One boat, many species
  |  First Published: July 2011

The Tweed area is a very special place to live or spend some time holidaying.

There are not many places in the world where you can fish the upper reaches of a river system on a boat and have a ball catching bass, bream or flathead, then travel a short distance down river and target tailor, jew and trevally.

Once you have had enough of that you can then shoot across the bar and try your hand at tangling with a snapper or even a member of the pelagic family – and you can do this all out of the same boat!

Winter is definitely the time to do this because the swell generally settles and we don’t see too much of that dreadful south-easterly chop. This usually allows many more avid fishos the chance to get out and have a go.

The Tweed bar has been a very sad affair this year with just about every crossing being a bit tricky. I can probably count on my hands the number of flat glass-off days we have had heading out there on charters this year.

We can only hope that this Winter we see a change for the better, enabling us to look forward to some enjoyable fishing.

July is normally the month when the snapper really hit their straps, with good numbers of these tasty fish showing up on the majority of our offshore reef systems. We can expect to find snapper pretty much from the close-in stuff like Fidos and the Mud Hole all the way out to the 50-fathom line.

The latter part of July is probably the pick of the time but this will depend on how quickly that water temperature falls. We have had a reasonable Winter already with good numbers of snapper appearing.

Tailor should also start to make up a reasonably consistent catch for those targeting them, with the lower reaches of the river and the ends of the North and South seawalls being the pick of the spots.

Early morning and late afternoon sessions are by far the most productive times to target the tailor with the ever-faithful blue pilchard or gar rigged on a set of gang hooks with a minimal amount of weight being the most effective technique.

Spinning with slugs or surface poppers is also a top way of getting a few tailor and there is a growing number of fishos using this technique to have a quick flick before or after work.

In July we should see good numbers of quality bream in the Tweed River and judging by the size of some of the fish swimming around the back of our charter boat in the Ivory Marina, there are already some absolute stonkers in the system. Some of them could quite easily be mistaken for snapper.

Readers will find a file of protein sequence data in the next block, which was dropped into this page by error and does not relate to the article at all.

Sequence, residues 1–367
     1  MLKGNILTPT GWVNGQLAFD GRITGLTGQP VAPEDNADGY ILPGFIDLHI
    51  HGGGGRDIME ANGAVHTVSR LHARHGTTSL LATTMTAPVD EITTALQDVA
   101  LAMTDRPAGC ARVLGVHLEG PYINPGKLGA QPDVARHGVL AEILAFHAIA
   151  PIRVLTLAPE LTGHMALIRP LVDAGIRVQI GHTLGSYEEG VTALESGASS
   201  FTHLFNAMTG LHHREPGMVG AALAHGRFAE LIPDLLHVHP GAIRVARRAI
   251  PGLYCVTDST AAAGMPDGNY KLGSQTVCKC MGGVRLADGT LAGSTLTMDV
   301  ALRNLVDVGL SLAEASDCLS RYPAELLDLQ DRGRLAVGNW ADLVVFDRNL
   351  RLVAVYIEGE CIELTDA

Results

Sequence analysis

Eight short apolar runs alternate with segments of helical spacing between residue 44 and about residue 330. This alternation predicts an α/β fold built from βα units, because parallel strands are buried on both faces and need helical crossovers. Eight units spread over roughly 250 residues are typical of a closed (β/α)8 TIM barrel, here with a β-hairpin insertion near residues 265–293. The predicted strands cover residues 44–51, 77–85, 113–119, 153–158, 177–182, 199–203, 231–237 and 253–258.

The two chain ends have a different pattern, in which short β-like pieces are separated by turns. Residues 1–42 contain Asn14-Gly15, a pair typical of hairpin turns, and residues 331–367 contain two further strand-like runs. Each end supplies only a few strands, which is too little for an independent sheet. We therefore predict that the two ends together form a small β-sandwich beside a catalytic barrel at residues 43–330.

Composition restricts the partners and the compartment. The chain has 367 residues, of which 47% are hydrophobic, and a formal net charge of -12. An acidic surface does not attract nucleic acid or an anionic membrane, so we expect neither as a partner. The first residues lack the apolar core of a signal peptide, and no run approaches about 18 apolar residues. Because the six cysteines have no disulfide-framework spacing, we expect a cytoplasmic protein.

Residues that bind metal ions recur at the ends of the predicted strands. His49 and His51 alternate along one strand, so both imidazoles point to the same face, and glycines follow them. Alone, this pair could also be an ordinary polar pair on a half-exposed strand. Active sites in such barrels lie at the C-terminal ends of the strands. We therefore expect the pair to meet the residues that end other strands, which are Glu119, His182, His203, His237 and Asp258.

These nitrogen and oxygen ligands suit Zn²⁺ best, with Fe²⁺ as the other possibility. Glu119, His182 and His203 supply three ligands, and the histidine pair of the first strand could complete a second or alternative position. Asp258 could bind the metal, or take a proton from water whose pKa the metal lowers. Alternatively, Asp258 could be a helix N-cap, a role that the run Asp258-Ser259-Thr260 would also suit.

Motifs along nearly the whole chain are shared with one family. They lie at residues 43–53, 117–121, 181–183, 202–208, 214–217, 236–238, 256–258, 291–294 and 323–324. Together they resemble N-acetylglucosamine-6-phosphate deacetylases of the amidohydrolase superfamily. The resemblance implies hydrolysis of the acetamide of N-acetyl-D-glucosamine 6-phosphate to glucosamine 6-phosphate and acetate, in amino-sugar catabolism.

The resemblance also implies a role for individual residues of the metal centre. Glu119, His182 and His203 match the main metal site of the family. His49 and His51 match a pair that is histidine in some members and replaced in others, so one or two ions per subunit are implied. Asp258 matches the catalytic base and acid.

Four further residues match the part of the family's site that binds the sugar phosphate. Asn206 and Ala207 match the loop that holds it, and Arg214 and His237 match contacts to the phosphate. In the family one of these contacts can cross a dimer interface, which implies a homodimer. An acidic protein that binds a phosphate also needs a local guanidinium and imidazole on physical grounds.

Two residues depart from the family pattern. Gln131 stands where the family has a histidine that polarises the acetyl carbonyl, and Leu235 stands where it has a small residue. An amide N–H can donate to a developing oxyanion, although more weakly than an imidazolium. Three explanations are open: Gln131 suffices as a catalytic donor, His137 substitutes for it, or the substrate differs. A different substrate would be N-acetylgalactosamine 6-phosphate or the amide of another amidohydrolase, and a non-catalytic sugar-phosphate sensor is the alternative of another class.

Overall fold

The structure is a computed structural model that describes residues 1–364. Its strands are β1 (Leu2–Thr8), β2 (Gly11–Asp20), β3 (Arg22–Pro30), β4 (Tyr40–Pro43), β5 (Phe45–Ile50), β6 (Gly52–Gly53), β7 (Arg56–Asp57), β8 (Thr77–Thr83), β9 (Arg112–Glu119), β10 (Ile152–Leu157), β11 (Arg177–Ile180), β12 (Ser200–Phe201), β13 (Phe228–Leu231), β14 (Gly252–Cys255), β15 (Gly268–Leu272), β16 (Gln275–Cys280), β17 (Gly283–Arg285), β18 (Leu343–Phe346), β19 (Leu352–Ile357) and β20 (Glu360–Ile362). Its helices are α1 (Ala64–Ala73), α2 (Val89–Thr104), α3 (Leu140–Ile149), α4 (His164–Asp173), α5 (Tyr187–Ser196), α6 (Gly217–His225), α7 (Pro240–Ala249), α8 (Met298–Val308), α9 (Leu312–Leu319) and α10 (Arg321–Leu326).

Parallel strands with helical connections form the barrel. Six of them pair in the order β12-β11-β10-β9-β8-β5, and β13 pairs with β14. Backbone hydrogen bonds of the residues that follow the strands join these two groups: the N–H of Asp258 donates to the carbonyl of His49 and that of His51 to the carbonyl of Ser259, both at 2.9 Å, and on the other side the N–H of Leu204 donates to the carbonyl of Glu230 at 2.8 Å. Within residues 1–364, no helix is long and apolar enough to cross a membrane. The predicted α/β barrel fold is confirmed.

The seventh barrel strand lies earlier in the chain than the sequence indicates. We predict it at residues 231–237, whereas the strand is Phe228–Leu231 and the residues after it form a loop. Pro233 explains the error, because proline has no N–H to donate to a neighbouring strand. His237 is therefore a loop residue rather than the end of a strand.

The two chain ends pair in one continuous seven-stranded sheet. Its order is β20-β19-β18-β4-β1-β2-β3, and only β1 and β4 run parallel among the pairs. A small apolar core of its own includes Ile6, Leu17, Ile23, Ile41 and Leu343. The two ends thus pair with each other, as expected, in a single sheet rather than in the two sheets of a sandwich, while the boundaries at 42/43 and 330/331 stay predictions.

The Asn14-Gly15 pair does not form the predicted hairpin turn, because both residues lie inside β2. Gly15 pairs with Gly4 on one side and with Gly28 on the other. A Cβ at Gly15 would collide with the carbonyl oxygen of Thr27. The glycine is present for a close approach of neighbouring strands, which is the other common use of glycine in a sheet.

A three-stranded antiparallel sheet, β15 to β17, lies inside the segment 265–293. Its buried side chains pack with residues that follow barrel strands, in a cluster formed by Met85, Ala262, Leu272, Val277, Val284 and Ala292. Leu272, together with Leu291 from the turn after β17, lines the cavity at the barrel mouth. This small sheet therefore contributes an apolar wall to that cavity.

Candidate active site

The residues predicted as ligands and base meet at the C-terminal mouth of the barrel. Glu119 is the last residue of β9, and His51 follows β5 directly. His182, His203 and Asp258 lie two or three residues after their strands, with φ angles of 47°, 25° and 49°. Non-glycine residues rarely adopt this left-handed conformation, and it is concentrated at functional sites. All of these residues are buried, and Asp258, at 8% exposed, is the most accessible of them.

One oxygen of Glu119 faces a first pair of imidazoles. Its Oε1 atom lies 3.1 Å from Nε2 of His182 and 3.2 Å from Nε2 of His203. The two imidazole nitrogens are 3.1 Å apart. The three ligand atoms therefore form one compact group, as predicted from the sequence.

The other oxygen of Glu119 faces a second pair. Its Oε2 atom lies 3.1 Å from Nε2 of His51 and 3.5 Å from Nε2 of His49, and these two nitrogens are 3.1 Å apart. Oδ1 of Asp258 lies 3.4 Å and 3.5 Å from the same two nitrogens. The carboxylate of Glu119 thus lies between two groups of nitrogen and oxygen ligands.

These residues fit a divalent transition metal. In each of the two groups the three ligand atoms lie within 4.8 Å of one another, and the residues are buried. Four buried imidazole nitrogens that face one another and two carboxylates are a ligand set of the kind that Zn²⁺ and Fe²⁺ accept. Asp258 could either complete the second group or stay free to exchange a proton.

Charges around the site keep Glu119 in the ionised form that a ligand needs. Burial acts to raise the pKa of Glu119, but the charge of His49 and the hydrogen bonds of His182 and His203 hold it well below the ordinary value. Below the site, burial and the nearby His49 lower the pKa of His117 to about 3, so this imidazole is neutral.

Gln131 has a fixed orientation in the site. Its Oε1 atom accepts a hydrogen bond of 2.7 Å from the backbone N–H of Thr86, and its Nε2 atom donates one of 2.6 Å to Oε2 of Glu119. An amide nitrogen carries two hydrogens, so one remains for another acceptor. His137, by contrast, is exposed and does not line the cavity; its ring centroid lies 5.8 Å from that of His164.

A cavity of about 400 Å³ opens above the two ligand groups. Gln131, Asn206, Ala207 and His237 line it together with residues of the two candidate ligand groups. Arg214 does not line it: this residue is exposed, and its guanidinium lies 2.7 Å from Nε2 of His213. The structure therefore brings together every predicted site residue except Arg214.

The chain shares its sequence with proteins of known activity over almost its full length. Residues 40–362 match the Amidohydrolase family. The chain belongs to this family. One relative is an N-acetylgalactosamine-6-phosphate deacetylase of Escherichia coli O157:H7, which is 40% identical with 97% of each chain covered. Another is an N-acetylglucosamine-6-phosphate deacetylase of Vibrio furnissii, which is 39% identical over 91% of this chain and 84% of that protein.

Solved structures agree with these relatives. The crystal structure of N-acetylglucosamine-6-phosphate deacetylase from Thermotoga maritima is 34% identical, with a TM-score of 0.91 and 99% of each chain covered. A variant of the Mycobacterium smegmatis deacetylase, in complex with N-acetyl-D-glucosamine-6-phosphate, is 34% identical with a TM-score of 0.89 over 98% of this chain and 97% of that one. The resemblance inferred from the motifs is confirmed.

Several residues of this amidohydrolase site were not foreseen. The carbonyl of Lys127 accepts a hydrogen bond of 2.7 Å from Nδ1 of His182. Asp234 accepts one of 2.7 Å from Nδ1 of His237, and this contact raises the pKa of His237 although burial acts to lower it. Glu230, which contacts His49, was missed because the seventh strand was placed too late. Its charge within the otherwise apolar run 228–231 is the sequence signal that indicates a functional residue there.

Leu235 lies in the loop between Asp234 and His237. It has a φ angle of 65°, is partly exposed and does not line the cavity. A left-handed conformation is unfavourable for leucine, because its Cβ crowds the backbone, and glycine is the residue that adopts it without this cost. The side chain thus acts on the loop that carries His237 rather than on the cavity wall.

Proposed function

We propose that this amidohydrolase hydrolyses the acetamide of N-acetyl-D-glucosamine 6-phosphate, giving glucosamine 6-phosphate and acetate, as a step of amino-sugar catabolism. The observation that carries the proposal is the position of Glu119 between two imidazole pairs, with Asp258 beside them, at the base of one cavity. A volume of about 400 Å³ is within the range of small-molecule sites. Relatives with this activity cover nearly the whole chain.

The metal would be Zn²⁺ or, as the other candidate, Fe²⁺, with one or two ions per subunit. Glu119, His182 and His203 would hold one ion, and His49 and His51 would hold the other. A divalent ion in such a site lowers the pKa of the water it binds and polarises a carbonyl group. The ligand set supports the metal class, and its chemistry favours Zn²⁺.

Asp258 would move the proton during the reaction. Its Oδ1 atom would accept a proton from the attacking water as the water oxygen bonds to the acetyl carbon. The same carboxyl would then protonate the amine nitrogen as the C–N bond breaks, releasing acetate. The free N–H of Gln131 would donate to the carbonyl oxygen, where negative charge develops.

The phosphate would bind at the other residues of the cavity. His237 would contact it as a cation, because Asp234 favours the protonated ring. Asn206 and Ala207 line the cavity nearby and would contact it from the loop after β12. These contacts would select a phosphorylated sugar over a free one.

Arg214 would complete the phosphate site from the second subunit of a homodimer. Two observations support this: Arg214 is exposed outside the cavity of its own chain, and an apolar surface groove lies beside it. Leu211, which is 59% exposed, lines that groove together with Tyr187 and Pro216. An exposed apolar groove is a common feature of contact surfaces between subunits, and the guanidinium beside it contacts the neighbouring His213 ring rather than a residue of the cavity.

The area from the start of the north and south walls through to the Blue Hole and the Fingal walls produces some cracking bream every year and many come from the coffee rock reefs that run down the middle of the river.

Fishing these rocks can be a bit trying at times due to the amount of run that the larger tides produces but the results can be well worth the effort.


The offshore fishing has been really good already this Winter with the usual species playing the game. Good numbers of tuskfish (‘parrot’), squire, flathead, and pearl perch have been coming from the 30- and 36-fathom lines while the kingfish and amberjack have just started to show up in consistent numbers on the 45s.

RU4REEL clients have been catching some cracking bottom fish and are looking forward to the next few months because the jigging and live baiting really starts to take off, as does the deep dropping on the continental shelf.

Last year we only just started to explore what the shelf had to offer. This year we will be able to fine-tune this knowledge and also start exploring around the 450m to 650m depths.

It is actually quite interesting just how many quality snapper we encountered deeper than 200m last year and it will be fascinating to see if this is the case again this season.

One probably wouldn’t expect to find them out there but we have had some days when snapper actually made up the bulk of our catch in water as deep as 260m. Bring on Winter!

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